The treatment of imprisoned black leaders in South Africa has been an explosive issue ever since activist Steven Biko died in police custody in 1977. As a result, there was outrage across the nation last week when black trade unionist Andries Raditsela, 29, died of head injuries after being held briefly by police in a Johannesburg suburb. The anger grew after s reports that a second black man, 20-year-old student Sipho Mutsi, had also died following a
police interrogation. In protest, black union leaders called for a two-hour work stoppage on May 14. The two deaths came amid continued rioting in the country’s black townships against the apartheid policy of the white-minority government—and its black collaborators. At least 18 people were killed in various incidents as crowds stoned buses and trains and firebombed houses. Civil rights leaders insisted that a decision by the government to cancel plans to move 700,000 blacks to remote tribal homelands would not stop the cycle of violence that has claimed 350 lives since September. As the disturbances escalated, the liberal Cape Times newpaper declared: “South Africa seems to be drifting into civil war, stumbling from one horrific incident to another.”
South Pacific setback
Since French President François Mitterrand paid a one-day visit last January, sparking angry demonstrations, a fragile peace has prevailed in France’s troubled South Pacific territory of New Caledonia. But the calm was shattered last week when renewed fighting broke out between the indigenous Kanaks, who are campaigning for independence, and French settlers, who bitterly oppose it. The trouble began when stone-throwing settlers attacked a group of 100 Kanaks in the central square of Nouméa, the capital, where they had been holding a protest rally. By dusk, when police finally restored order, one 20-year-old Kanak was dead and 95 people had been injured. France’s special envoy, Edgard Pisani, blamed the violence on “deliberate aggression” by a right-wing settlers’ party, the Assembly for Caledonia Within the Republic (RPCR). The party was angered by a recently announced French plan to replace the RPCR-dominated territorial assembly with a congress of four regional assemblies, likely to be controlled by the Kanaks—an interim step toward an independence referendum expected in 1987. Party leaders denied Pisani’s charge, but Kanak legislators resigned from the island assembly in protest. With that, France’s attempt to form a consensus on the future of the territory suffered another critical blow.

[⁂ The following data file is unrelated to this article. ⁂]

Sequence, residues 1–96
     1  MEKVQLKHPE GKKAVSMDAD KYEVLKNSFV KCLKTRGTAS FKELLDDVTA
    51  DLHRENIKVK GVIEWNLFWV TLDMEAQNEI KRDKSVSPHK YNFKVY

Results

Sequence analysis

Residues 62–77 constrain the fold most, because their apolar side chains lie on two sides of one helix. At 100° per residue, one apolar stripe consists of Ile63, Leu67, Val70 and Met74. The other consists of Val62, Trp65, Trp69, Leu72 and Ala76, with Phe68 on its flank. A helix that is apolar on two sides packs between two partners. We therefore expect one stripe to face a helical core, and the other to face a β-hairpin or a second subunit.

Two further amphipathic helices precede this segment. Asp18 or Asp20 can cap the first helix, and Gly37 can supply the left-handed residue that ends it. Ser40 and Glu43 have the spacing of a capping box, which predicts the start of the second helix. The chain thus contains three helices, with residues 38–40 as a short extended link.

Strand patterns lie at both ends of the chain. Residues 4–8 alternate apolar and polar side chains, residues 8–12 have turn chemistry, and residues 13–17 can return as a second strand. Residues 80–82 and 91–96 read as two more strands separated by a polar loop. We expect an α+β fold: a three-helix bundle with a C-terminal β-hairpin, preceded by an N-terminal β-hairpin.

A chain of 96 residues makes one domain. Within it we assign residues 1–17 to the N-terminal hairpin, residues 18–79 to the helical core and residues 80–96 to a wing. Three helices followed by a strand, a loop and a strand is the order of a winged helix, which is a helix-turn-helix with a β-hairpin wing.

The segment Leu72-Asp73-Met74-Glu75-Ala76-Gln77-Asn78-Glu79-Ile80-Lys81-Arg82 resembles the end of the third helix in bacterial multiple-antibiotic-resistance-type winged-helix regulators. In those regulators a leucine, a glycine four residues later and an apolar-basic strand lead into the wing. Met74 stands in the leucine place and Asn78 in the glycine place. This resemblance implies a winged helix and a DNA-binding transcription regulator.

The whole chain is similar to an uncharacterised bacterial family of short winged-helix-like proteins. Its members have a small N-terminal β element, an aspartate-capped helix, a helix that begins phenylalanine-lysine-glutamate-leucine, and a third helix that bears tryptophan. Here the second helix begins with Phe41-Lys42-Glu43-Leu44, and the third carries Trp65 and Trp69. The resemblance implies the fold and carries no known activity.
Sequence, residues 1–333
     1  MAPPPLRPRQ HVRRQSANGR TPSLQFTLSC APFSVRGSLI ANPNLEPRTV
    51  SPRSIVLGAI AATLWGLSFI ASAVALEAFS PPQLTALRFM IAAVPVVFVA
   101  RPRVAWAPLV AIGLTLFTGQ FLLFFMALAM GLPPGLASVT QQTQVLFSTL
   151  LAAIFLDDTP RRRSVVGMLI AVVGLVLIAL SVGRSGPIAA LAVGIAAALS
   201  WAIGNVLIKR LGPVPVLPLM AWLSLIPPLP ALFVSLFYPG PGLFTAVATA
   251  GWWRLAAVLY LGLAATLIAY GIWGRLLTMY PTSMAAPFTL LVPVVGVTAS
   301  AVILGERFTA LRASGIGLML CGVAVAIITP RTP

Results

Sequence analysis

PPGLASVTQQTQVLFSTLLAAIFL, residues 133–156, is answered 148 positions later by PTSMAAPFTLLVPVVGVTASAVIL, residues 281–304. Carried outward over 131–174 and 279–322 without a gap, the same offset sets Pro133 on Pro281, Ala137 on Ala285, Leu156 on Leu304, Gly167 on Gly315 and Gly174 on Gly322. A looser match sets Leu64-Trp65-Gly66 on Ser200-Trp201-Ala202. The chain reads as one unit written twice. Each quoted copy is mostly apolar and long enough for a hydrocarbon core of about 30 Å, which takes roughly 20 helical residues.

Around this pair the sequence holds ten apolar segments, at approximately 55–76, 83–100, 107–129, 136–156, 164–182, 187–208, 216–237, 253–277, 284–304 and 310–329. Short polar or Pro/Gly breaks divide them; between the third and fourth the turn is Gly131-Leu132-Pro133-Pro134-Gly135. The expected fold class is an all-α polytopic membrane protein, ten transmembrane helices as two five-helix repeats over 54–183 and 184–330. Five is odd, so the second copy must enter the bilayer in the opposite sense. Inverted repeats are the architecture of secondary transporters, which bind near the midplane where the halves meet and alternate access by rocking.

The Thais strike back
With only weeks to go before monsoon rains turn battlefields into mud, Vietnamese army commanders last week attempted to wrap up their dry-season offensive against Kampuchean nationalist forces on the Thai-Kampuchea border. But when Thailand discovered that the Vietnamese had once again penetrated its territory in pursuit of their Khmer Rouge enemies—near the southeastern town of Ban Cahm-